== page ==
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Antarctic ice sheet

ANSTO environmental scientists highlight need to monitor legacy nuclear fallout in Antarctica

ANSTO environmental scientists have alerted the scientific community of the critical need to monitor changes to ice containing potential nuclear fallout that reached Antarctica from 20th century atmospheric weapons testing.

In a Correspondence piece published in Nature, Dr Krystyna Saunders and Dr Karina Meredith highlight the need to estimate the potential impact and scale of the possible release of long-lived radionuclides from melting ice sheets.

The two scientists have expertise and capabilities to trace ecosystem change, anthropogenic impacts, and climate change for the region and are contributing to the multi-organisation Australian Research Council Special Research Initiative ‘Securing Antarctica’s Environmental Future’ (SAEF). They suggest that work could be coordinated through national Antarctic research programs and the Antarctic Treaty System.

There are stakeholders, including The International Atomic Energy Agency and the Preparatory Commission for the Comprehensive Test Ban Treaty Organisation, who operate monitoring stations in Antarctica, who could assist with coordination efforts.


Coring on Macquarie Island
Dr Krystyna Saunders led a team, which travelled to sub-Antarctic Macquarie Island to reconstruct the behaviour of the Southern Hemisphere westerly winds over the past 12,000 years.

“We have discussed the implications of this scenario, looked at the minimal literature on the subject, and decided it was time to gather more comprehensive data,” said Dr Meredith, Leader, Environmental research at ANSTO and an expert in groundwater studies.

“Fallout from atmospheric nuclear weapons testing was global, and it is a type of contaminant that hasn't really been taken into account in previous investigations.

“It's only relatively recently that people have started acknowledging that little is known about the level of contamination in Antarctica, for example, from persistent organic pollutants, and that it should be looked at. But, as yet, there are no systematic studies documenting and characterising the extent and persistence of toxic radionuclides from atmospheric nuclear weapons testing under changing conditions,” explained Dr Saunders, who has carried out fieldwork in Antarctica and sub-Antarctic islands.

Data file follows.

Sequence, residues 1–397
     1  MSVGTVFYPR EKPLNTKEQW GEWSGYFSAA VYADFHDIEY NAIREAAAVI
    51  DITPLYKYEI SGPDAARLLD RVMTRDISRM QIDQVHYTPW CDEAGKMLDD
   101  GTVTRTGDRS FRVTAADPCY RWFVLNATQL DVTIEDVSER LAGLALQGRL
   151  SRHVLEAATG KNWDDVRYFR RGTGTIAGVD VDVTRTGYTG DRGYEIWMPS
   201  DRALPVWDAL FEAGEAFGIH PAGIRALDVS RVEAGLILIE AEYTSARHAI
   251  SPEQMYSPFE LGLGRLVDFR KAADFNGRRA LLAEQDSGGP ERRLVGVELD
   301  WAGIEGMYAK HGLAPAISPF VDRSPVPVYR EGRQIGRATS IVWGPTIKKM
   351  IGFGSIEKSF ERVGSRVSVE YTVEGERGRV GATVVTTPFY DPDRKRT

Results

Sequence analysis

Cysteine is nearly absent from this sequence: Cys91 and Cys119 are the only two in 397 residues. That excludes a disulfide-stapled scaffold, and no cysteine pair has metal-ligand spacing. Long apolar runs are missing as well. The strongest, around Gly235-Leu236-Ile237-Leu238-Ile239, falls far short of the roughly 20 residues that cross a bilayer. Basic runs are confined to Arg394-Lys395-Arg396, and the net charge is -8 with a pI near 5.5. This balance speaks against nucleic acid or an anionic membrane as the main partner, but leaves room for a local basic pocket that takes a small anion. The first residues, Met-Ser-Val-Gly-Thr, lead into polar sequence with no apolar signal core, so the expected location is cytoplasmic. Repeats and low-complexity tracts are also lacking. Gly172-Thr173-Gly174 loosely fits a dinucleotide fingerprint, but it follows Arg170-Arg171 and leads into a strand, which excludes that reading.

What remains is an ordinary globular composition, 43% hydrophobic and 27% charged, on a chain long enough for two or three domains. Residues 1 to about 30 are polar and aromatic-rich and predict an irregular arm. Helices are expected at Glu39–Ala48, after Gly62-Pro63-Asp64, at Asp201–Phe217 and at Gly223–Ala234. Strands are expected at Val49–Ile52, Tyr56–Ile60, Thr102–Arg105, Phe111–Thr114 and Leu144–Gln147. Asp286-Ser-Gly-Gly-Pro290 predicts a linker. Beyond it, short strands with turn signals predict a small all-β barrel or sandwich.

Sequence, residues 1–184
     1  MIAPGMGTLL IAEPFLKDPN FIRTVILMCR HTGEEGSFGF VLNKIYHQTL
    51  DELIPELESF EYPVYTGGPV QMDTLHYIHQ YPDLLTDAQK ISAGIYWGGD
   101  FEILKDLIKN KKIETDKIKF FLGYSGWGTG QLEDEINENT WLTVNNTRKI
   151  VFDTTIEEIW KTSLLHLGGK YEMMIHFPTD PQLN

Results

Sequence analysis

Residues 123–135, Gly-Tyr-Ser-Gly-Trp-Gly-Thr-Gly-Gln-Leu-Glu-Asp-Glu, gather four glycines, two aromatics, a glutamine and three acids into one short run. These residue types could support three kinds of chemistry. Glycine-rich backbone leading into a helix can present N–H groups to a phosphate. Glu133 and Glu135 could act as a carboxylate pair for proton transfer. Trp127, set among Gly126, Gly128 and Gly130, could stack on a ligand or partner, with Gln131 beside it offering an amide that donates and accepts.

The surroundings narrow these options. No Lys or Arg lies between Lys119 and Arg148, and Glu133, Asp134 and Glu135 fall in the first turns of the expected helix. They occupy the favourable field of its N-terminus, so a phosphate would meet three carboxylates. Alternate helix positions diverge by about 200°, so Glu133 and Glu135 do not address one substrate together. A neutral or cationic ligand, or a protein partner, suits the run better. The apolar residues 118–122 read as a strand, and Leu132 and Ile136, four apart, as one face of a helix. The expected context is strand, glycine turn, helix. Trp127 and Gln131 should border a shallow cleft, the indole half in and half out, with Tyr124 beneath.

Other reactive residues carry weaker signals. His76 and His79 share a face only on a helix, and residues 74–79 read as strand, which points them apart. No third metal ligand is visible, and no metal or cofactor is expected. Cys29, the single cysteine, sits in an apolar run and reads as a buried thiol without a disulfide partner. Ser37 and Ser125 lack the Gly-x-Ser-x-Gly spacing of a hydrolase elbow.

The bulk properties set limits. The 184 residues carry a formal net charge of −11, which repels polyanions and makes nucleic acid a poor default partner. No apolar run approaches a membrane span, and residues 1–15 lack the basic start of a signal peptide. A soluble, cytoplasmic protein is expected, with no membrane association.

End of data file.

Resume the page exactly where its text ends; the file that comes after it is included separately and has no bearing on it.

However, researchers in the Northern Hemisphere have found that radioactive isotopes are found in cryoconite, a dark, fine sediment that forms on the surface of glacier, as reported in Physics World.

The detonation of nuclear weapons above ground in the 1960s sent radioactive materials as high as 80 kilometres into the atmosphere. Large particles fell to the ground near the explosion sites, but lighter particles and gases travelled into the upper atmosphere. The particles that were swept up into the atmosphere and fell back down to Earth and  are known as fallout.

It has been confirmed that Antarctic ice cores preserve a detailed record of nuclear fallout.

This fallout contains the long-lived radioactive isotopes, plutonium-239, plutonium-240 and caesium-137.

The Correspondence piece warns, “As climate change accelerates and the ice melts, these radionuclides will increasingly be released into one of the world’s most pristine ecosystems and potentially into the global marine food web.”

“Large multidisciplinary research projects like SAEF conducted in Antarctica provide the unique opportunity to collect the required information to monitor this in the future” said Dr Meredith.



Dr Krystyna Saunders

Dr Krystyna Saunders

Dr Karina Meredith

Dr Karina Meredith


EnvironmentEnvironmental change
EnvironmentContaminant impacts